We live in a world filled with messages about women's body weight and shape. This includes fat-shaming—being criticized for failing to meet culture's unrealistic thin ideal. Fat-shaming messages are difficult to escape—they are present when you scroll on social media, turn on the radio, or even glance at a magazine cover when standing in line at the grocery store.

How Do Casual Fat-shaming Comments Affect People's Attitudes?

We obtained data from an online website, Project Implicit, where over 180,000 female participants completed a Weight Implicit Association Test between 2004 and 2018 assessing their implicit weight bias. In contrast to explicit attitudes, implicit attitudes are thought to reflect more spontaneous, gut-level, evaluative associations that "fat is bad" and "thin is good" and tend to be more difficult to mentally control.

We next identified 30 real-world instances of highly publicized celebrity fat-shaming events, such as Kourtney Kardashian being criticized by her then-husband Scott Disick for not losing her baby weight fast enough, or Adele being called a "little too fat" by the late Chanel designer Karl Lagerfeld.

We found a significant spike in women's implicit anti-fat attitudes in the 2-week period following a fat-shaming event, compared to the preceding 2-week period. This observation replicated an earlier study we conducted and highlights how the impact of these messages extends well beyond the fat-shaming target, leaving a trace on the average woman who happens to be exposed to them.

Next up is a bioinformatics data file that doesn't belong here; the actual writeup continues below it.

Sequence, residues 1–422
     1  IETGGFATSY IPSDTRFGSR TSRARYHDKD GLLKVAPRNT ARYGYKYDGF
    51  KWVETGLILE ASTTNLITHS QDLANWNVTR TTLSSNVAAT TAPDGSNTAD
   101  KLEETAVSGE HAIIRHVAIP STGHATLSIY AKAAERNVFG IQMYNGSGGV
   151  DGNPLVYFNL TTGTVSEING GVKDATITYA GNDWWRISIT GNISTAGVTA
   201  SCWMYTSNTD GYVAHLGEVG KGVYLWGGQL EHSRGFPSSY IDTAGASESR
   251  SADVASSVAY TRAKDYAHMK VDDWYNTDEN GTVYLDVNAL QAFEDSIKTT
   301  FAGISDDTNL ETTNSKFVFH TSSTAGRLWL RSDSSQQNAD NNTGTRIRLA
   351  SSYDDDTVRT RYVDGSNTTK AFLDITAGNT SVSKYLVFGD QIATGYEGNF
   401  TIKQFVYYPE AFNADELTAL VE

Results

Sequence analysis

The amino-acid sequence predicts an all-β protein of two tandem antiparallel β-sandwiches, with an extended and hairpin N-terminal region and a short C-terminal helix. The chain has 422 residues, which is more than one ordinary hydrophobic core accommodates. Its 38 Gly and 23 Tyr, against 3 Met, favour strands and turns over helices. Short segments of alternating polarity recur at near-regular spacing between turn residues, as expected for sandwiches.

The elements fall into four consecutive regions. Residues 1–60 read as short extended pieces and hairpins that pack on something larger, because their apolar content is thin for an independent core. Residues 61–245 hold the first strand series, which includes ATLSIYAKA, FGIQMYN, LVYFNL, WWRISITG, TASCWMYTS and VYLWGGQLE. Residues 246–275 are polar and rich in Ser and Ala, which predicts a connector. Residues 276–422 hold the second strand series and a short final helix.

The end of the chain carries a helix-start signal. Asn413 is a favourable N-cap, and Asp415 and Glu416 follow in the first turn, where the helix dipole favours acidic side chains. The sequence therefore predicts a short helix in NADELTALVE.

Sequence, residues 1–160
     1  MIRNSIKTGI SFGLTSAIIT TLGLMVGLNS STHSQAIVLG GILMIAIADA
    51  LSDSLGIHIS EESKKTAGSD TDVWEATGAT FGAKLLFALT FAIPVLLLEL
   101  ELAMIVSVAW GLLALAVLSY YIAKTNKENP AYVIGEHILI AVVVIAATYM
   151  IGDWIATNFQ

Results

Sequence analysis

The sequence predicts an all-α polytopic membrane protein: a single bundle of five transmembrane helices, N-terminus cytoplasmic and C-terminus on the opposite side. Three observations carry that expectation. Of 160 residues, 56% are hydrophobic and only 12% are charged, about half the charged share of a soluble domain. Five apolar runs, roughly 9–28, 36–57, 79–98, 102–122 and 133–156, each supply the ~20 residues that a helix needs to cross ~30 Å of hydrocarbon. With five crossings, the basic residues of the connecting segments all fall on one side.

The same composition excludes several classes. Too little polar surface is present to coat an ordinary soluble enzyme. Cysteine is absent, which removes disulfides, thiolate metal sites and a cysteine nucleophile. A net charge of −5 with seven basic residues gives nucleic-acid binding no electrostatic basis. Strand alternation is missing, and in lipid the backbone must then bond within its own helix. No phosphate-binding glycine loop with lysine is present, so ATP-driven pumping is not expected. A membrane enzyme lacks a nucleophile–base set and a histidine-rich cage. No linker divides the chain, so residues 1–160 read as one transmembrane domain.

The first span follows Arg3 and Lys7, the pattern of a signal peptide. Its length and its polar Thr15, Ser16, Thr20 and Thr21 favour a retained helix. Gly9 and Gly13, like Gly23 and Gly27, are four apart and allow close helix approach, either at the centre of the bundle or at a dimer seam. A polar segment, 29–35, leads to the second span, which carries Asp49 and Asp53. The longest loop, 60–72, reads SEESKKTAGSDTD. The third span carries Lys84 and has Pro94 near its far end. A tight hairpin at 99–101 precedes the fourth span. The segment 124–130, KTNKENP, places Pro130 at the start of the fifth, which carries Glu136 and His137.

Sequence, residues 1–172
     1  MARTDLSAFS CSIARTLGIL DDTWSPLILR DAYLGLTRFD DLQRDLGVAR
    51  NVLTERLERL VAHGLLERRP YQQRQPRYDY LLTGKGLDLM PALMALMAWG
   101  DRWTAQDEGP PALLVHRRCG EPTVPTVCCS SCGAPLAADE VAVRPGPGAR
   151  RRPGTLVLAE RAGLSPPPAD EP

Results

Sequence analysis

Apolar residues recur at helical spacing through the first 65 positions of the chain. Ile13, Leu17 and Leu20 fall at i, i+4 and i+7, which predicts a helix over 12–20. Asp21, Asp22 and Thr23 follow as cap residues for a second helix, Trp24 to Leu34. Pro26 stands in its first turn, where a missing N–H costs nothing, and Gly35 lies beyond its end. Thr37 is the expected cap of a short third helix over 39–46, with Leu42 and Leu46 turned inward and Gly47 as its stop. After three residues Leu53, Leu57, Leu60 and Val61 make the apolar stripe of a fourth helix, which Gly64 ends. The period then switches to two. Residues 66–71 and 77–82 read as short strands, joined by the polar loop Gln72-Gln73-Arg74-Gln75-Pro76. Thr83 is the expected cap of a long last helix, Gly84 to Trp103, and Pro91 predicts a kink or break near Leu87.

How Can People Combat Fat-shaming?

Recently, the "body positivity movement" has been on the rise, which promotes acceptance of all body shapes and sizes. Social media has played a pivotal role in this movement by creating venues for people to express more positive messages about different body sizes. We wondered whether body positivity messages might be powerful enough to reduce the harmful effects of weight stigma.

To address this question, we tracked real-world celebrity body positivity events through systematic Google searches. For example, following specific event selection criteria, we had an event where Rihanna included models of all sizes in her runway show and where Iskra Lawrence posted pictures of her "back rolls" and "thick thighs" on social media with a body-positive caption.

We found that women's implicit anti-fat attitudes were significantly lower in the 2-week period following a body positivity event, compared to the 2-week period leading up to the event—an effect that was the mirror opposite of what we had found with the fat-shaming events.

In a follow-up study, we examined a particular form of body positivity—specifically, celebrity "push-back" against fat-shaming. Whereas some celebrities, like Kourtney Kardashian, choose not to respond to a fat-shaming message, others like Adele, pushed back with a body-positive statement countering society's "fat is bad" norm.

Whereas fat-shaming without push-back was associated with increased implicit weight bias in the 2-week period following the event, fat-shaming with push-back showed no such change in bias. Closer inspection of the push-back events actually revealed a brief spike in bias in the days immediately following the fat-shaming message (like the events without push-back), which was followed by a drop in bias in the days immediately following the body-positive message.